Severe nerve injury with segmental loss requires nerve graft or conduit repair. We compared 2 synthetic, bioabsorbable nerve conduits with the gold standard of autogenous nerve grafting using histopathologic and neurophysiologic analyses.

A 10-mm segment of the sciatic nerve of 45 Sprague-Dawley rats was resected, leaving a gap defect. Three experimental groups were used: 15 coaptations using type I collagen nerve conduits, 15 coaptations using polyglycolic acid (PGA) nerve conduits, and 15 coaptations using the excised segments as autogenous nerve grafts. The contralateral legs were used as unoperated controls. After 15 weeks, nerve regeneration was evaluated by measuring isometric muscle contraction force, axonal counting, wet muscle weights, and histology.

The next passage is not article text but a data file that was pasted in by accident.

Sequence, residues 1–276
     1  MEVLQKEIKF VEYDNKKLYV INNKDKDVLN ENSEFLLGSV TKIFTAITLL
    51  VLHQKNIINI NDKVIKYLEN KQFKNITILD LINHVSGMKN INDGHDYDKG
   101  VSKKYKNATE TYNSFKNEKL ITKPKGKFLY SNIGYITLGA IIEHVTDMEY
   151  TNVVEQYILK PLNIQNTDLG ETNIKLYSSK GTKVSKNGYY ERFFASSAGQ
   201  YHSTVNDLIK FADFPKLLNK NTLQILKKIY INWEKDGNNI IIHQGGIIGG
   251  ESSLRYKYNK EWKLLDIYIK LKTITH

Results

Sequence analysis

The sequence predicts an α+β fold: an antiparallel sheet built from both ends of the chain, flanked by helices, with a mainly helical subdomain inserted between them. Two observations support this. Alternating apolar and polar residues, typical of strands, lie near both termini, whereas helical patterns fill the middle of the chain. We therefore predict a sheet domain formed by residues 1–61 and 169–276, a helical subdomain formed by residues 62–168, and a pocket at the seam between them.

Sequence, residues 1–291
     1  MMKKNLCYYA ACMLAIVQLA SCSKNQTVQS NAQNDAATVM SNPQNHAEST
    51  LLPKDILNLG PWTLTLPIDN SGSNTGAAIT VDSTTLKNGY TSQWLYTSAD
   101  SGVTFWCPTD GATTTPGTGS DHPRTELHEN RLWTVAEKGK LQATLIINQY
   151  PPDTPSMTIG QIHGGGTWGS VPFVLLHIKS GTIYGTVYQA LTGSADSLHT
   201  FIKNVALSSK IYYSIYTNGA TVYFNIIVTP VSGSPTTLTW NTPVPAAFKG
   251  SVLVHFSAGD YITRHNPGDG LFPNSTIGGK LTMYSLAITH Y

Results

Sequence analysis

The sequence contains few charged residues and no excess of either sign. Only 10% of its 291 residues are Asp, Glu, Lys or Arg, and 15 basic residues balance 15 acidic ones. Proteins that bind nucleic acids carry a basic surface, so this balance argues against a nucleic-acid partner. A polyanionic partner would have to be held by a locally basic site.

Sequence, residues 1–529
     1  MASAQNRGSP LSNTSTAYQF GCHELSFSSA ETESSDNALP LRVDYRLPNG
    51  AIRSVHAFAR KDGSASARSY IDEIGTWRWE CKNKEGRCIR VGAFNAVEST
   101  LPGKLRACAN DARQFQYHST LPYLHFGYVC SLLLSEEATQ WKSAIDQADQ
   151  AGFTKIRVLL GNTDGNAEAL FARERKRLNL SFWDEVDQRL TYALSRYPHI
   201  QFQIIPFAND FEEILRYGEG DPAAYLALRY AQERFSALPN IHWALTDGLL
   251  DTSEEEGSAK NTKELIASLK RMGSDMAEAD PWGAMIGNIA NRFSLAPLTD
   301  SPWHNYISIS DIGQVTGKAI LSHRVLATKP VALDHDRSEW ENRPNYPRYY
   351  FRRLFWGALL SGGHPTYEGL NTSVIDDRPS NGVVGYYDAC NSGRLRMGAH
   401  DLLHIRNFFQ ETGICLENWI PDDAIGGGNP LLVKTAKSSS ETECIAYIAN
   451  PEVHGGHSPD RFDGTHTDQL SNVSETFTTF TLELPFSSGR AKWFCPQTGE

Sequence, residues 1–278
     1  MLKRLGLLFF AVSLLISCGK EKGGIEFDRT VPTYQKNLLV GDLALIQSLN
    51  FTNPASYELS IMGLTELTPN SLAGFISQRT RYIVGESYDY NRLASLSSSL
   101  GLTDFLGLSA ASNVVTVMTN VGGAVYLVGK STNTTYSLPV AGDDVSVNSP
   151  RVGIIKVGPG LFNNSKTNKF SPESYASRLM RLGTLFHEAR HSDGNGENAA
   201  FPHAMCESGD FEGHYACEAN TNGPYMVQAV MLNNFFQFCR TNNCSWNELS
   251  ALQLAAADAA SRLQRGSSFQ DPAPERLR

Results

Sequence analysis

Statistically significant differences in the isometric muscle contraction force, axonal counts, and wet muscle weights were found between type I collagen conduit and nerve graft compared to the PGA conduit. Axonal sprouting was less organized and less dense with the PGA conduits when compared to nerve reconstruction with the type I collagen conduits and nerve grafts.

Type I collagen conduits and autografts produced comparable results, which were significantly better than PGA conduits. The use of type I collagen conduit is a reliable alternative to nerve grafting for gaps up to 10 mm in length.

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